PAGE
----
I've had an idea recently to use color in order to disambiguate several usages of the same word in a text which refer to two different instances of the same concept. Since StackExchange does not allow use of colors in formatting, in the reproduction of text below I use bold and italic fonts instead:

When you start to critically think about thinking, it's easy to start doubting your thinking the same way that you doubt your thinking.

This doubt makes critical thinking about thinking an antimeme (an idea with self-censoring properties): it makes it harder to develop the thought, and it makes it harder to communicate it.

I assume that I'm not the first person in the world to come up with that idea: is there a prior art of using formatting for disambiguation? I am looking for particular examples as well as analysis of this technique.

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    You would have to be very careful with colour selection to avoid making the text inaccessible to the colour -blind.
    – Chenmunka
    Commented Oct 15, 2022 at 20:55
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    I haven't seen any with colors, but definitely have seen some with different fonts. Most famous one is the summoning chant for Cthulhu. Probably you can play around that? In some games it's also sometimes used to denote "this is some otherworldly words that mere mortals can't comprehend or even see"
    – justhalf
    Commented Oct 16, 2022 at 6:48
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    @justhalf, do you have some particular examples of that "otherworldly words" case I can take a look at? Commented Oct 16, 2022 at 9:42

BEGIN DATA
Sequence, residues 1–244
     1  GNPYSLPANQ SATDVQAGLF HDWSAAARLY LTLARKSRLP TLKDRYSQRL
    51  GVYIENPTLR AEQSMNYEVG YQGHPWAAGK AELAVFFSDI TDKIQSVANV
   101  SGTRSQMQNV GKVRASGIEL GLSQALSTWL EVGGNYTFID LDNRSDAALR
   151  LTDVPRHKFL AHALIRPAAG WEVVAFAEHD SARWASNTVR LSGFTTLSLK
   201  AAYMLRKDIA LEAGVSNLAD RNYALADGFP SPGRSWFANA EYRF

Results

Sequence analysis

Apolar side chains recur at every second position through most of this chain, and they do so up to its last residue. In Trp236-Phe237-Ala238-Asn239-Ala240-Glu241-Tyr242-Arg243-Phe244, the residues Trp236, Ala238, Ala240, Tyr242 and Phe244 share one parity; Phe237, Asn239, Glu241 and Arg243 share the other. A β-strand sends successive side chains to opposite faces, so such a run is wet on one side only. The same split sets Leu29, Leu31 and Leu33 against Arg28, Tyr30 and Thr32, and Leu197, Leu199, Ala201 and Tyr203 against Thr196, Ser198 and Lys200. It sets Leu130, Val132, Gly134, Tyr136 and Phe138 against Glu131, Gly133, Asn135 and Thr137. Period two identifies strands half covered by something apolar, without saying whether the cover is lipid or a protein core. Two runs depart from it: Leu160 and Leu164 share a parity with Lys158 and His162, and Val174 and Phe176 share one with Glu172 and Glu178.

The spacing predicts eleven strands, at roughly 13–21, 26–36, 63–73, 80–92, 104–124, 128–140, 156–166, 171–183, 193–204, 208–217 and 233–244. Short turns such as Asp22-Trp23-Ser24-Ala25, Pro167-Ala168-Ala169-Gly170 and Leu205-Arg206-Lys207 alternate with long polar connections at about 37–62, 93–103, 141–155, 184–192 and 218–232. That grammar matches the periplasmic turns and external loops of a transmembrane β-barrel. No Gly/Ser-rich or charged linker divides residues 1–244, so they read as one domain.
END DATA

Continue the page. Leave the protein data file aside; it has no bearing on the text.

• I don't have specific examples right now, but will let you know if I can find one.
    – justhalf
    Commented Oct 16, 2022 at 12:05
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    my copy of "The Never-ending Story" by Michael Ende has two colors: red and green... one to indicate things are happening in the "real world" and other to indicate things are happening on Fantasia... just a swift FYI as it does not answer your question but came to mind when reading this post.
    – DarkCygnus
    Commented Oct 17, 2022 at 20:16

8 Answers 8


That sounds confusing, no matter the formatting. It might be clearer to stick to longer descriptions (e.g. "critical thinking" as opposed to "the act of thinking") or to pick a synonym (e.g. "reasoning", "contemplation"), define it once and then consistently use that.

  • I agree that it might be possible to disambiguate this text somehow differently, but I do not agree that writing out longer descriptions is necessary a better way to do that. When reading more verbose descriptions reader has to maintain longer context and might be lost more easily. Commented Oct 15, 2022 at 21:23

Never use color alone to indicate anything that matters.

Some people are colorblind, and will be unable to tell apart colors that may look entirely different to you. The most well-known pair of such colors is red and green, but other forms of colorblindness may affect other combinations of colors, and so it is safest to assume that any two colors might be confused. While color can sometimes be used to help indicate things, it should never be used in isolation.

In philosophy, I have occasionally seen multiple meanings indicated with numerical subscripts (so you might write think1 and think2, which can be done with <sub></sub> tags in Stack Exchange). However, this convention is rare in other fields, and would likely need to be explained. Also, it's used for differentiating meanings, rather than instances of the same meaning, so I would avoid this usage for your precise use case. Instead, it's often best to add words or recast the sentence so as to remove the ambiguity. This will usually require you to write more verbosely, but clarity should usually be prioritized over brevity. For example: